short course of treatment received from

him

following letter: to hear that last

am

sure you will be pleased

Cathedral in

Sunday evening I preached in the nave, and was heard perfectly
in the choir

throughout the whole building, both

and down

to the

end

of the nave.
I

remarked what a strong voice
blessing,

have

!

People have With God's

I owe this to your skill." There are some authors who consider

that lateral,

or purely costal, breathing

may

be exercised without
this to

diaphragmatic action.

Assuming

be pos-

CLEFT-PALATE SPEECH, AND LISPING
sible,

17
it

the effort involved

would
;

in itself render

undesirable for stammerers
tion

and, moreover,
lateral

inflais

which

is

commenced by
to

expansion

exceedingly
breathing.

liable

degenerate into clavicular

may be asked why diaphragmatic should have such beneficial influence breathing upon the propulsion of the voice. To this a variety
question
of replies

The

may
is

be given.

The
is

chief reason, in

my

judgment, by motion machinery which

that

clavicular breathing

we

set in

unyielding and clumsy,
therefore impossible to
;

owing

to the

thorax,

bony and over which

structure of the upper part of the
it is

get easy and

delicate control

exercises muscular force

walls which
parts,

is

while the diaphragm on that portion of the chest surrounded only by soft and yielding
to act with

and which can therefore be trained

the utmost certainty
It is

and

precision.

a very

common

fault with
;

stammerers to

try

speak with empty lungs they let out all the air they can dispose of, and then try to speak which
to
;

is,

of course, a hopeless task.

In such circumstances

the patient has to be taught

economy

of breath,

which,

after

having gone

through the necessary

is a diaphragm comparatively easy matter. But stammerers attempt as frequently to speak with unduly distended lungs, which is just as fatal to an

drill,

easy and smooth delivery

;

and

this is

a fact which

i8

THE TREATMENT OF STAMMERING,
I

does not,

think, receive the attention
it

it

deserves.

To

counteract this habit

is

necessary to train the

patient to breathe

more

lightly

and more frequently

than he has been accustomed to do.

PHONATION DRILL
This depends primarily, so
far as the larynx is

concerned, upon closing muscles of the vocal cords.
act at all,

the action of the adductors, or
If

these did not
possible,

no production

of tone

would be

however perfect the remainder of the vocal apparatus might be, and it is quite clear, therefore, that if they
act with uncertainty the voice will be
If

produced with

and promptly the uncertainty. voice will be produced smartly and promptly. It is
they act smartly
necessary, therefore, to educate these muscles in

order to jjnsure the proper attack of tone commonly " called the shock of the glottis." This is accomplished by directing the stammerer to sing a
of staccato

number

tones,

inspiration.

each one preceded by a short For each intake of breath, which is the

motor element, the abductors, or opening muscles,
separate the cords

and open the

glottis,

and

for

every tone, however short, the adductors, or closing
muscles, by causing approximation of the cords, close the glottis; and these smartly and frequently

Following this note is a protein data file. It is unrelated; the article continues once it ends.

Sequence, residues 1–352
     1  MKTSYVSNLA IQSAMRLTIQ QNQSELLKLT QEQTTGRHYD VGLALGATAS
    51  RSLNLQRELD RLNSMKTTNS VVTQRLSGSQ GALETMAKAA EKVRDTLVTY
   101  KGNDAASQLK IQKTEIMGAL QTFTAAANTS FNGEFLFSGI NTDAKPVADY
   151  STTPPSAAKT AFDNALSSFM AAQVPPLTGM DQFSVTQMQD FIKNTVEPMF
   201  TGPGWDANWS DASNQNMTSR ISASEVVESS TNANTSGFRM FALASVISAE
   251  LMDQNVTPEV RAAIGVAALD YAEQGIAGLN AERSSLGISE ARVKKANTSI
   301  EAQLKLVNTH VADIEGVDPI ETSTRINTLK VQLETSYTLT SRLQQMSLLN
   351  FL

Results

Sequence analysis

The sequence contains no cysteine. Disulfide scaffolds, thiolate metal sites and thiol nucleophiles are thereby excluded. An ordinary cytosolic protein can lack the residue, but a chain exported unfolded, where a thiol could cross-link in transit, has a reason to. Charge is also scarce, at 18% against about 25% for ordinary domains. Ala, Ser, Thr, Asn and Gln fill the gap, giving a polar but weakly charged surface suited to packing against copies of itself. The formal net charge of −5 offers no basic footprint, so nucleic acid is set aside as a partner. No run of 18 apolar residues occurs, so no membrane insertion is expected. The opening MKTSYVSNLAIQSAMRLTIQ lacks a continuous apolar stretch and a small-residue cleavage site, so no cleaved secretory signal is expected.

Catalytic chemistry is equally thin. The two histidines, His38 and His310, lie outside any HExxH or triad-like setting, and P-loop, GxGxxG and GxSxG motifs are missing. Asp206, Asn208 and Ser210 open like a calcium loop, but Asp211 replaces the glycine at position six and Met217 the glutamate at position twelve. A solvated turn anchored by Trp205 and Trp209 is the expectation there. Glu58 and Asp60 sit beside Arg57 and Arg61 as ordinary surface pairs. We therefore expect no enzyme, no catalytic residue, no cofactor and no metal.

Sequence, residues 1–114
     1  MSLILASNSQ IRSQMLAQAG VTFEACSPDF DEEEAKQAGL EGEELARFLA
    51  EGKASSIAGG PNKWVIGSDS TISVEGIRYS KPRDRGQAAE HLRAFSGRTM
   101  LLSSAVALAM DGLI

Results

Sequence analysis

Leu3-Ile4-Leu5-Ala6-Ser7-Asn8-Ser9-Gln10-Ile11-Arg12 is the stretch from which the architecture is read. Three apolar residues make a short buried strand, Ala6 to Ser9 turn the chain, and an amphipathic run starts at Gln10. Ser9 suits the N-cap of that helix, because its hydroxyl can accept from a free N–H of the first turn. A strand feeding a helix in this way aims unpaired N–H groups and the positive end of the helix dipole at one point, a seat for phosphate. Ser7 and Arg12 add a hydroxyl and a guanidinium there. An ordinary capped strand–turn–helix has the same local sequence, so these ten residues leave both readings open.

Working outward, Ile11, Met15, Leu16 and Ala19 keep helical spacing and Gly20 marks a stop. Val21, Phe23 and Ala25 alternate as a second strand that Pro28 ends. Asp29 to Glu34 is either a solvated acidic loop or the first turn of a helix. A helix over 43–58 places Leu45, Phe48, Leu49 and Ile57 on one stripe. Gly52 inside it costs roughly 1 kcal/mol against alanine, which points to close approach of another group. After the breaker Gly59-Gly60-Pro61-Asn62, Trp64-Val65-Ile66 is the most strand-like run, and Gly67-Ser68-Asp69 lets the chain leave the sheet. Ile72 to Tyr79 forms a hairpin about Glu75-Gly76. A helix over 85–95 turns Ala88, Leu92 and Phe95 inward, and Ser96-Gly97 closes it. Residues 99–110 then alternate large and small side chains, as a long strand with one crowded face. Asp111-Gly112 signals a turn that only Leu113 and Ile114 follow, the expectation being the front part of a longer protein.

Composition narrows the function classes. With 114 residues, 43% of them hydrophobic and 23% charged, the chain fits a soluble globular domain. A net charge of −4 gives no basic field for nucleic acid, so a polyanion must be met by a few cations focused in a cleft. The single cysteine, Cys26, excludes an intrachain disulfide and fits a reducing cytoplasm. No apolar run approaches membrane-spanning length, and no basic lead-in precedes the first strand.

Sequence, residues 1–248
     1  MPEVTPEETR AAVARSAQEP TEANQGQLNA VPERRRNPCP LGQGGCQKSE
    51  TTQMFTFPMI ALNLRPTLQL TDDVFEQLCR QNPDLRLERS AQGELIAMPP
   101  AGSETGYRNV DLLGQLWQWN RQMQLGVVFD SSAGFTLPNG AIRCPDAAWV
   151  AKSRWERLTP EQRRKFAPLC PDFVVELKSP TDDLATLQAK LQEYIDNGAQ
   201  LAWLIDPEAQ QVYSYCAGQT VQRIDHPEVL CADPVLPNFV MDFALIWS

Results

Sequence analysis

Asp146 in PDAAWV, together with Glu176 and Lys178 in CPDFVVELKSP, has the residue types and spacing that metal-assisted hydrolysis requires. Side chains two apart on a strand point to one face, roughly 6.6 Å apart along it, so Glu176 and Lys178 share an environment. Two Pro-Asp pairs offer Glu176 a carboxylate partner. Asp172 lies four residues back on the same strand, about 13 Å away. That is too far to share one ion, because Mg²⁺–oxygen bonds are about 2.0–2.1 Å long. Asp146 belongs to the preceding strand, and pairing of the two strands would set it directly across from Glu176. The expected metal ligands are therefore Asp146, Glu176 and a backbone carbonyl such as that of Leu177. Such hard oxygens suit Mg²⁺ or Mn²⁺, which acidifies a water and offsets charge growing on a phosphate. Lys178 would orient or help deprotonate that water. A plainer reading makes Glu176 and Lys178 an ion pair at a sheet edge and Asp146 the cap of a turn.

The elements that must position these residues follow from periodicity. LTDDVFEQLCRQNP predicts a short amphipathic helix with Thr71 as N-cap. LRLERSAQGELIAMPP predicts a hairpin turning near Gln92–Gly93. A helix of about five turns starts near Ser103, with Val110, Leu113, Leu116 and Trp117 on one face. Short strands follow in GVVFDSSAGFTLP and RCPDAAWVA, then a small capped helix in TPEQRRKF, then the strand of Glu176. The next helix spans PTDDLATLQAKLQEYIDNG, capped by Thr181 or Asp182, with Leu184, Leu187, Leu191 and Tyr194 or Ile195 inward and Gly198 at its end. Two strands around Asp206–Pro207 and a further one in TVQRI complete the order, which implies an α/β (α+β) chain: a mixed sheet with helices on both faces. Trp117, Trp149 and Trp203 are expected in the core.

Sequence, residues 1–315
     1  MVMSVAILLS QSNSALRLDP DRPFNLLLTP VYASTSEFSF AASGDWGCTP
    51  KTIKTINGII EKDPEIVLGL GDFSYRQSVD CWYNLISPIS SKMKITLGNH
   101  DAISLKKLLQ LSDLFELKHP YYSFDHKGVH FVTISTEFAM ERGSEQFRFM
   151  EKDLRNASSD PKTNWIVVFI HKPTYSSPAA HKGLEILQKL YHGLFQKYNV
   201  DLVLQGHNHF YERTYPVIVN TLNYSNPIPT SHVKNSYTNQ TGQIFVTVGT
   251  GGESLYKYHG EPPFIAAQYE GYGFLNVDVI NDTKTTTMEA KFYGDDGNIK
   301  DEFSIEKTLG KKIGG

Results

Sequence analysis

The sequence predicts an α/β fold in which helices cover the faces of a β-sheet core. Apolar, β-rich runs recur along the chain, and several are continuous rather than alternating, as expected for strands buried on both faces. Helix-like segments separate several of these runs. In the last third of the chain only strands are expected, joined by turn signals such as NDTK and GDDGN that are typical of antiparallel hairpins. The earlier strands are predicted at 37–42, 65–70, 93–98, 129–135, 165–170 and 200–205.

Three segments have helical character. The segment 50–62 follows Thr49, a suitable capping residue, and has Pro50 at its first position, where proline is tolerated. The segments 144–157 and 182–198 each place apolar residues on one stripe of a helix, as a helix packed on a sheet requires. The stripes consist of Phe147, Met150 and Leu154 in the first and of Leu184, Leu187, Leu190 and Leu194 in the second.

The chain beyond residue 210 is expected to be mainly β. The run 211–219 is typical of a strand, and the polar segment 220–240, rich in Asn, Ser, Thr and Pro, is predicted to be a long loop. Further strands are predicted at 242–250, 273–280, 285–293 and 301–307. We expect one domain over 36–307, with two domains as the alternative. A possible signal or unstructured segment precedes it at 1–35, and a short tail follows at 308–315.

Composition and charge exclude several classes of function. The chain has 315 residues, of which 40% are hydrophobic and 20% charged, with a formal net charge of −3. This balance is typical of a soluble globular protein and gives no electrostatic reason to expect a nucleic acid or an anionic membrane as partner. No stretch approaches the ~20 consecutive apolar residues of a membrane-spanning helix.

repeated movements have the effect, not only of strengthening the opening and closing muscles of

CLEFT-PALATE SPEECH, AND LISPING
the glottis,

19

but also of increasing the patient's

control over them.

Similar

drill

should be applied to the

soft palate,
is

the influence of which

upon

the voice

much
and
of

greater than most people

who have
that,

not paid special
of
;

attention to the subject have
it

any conception
in

should

be

remembered

the

case

adenoids, enlarged tonsils, elongated uvula, etc., conditions so often present in the stammerer, the soft palate has been rendered paretic by an over-

weighting of the muscles.

Not only

is

nasal quality

prevented by proper action of the soft palate, but
the resonance of the voice depends

upon

it

to

an

enormous

extent,

and

it

may
like

be seen in a well-

managed
and
to

throat to

move

something
is

sentient,

occupy a distinctly different position at every

different pitch at

which a tone

produced. Control

over the soft palate also confers the invaluable power
of breathing through the nostrils while speaking

and singing, thereby preventing dryness of the mouth and the throat, of which so many voice-users
complain.

We

now come

to a description of

some

of those

methods alluded

to for the cure or alleviation of

stammering

in cases

where the

difficulty

cannot be

Much of a breathing apparatus. stammerer's trouble arises from the fact that he
traced to the
involuntarily exaggerates
all

the stops

and checks

20

THE TREATMENT OF STAMMERING,

taking place in the vocal apparatus from the glottis to the lips, which are involved in speech. The more

he exaggerates these stops and checks the greater will be his difficulty to overcome their resistance,

and he must,
matter

therefore, be trained to

make

these

closures as shortly

and

lightly as possible.
drill of

In this

we

are assisted

by the

the soft palate,

and

have also devised special exercises for the tongue and the lips which greatly assist the
I

stammerer

in

the

management

of his articulation

apparatus. It is a well-known fact that most stammerers can